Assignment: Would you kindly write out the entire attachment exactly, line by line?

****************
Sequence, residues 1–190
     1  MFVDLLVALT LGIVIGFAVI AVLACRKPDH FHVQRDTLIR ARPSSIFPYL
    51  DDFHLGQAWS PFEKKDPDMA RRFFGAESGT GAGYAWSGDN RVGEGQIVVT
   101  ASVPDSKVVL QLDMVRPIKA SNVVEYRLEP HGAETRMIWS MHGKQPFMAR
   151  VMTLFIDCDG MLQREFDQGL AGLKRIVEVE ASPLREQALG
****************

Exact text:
Sequence, residues 1–190
     1  MFVDLLVALT LGIVIGFAVI AVLACRKPDH FHVQRDTLIR ARPSSIFPYL
    51  DDFHLGQAWS PFEKKDPDMA RRFFGAESGT GAGYAWSGDN RVGEGQIVVT
   101  ASVPDSKVVL QLDMVRPIKA SNVVEYRLEP HGAETRMIWS MHGKQPFMAR
   151  VMTLFIDCDG MLQREFDQGL AGLKRIVEVE ASPLREQALG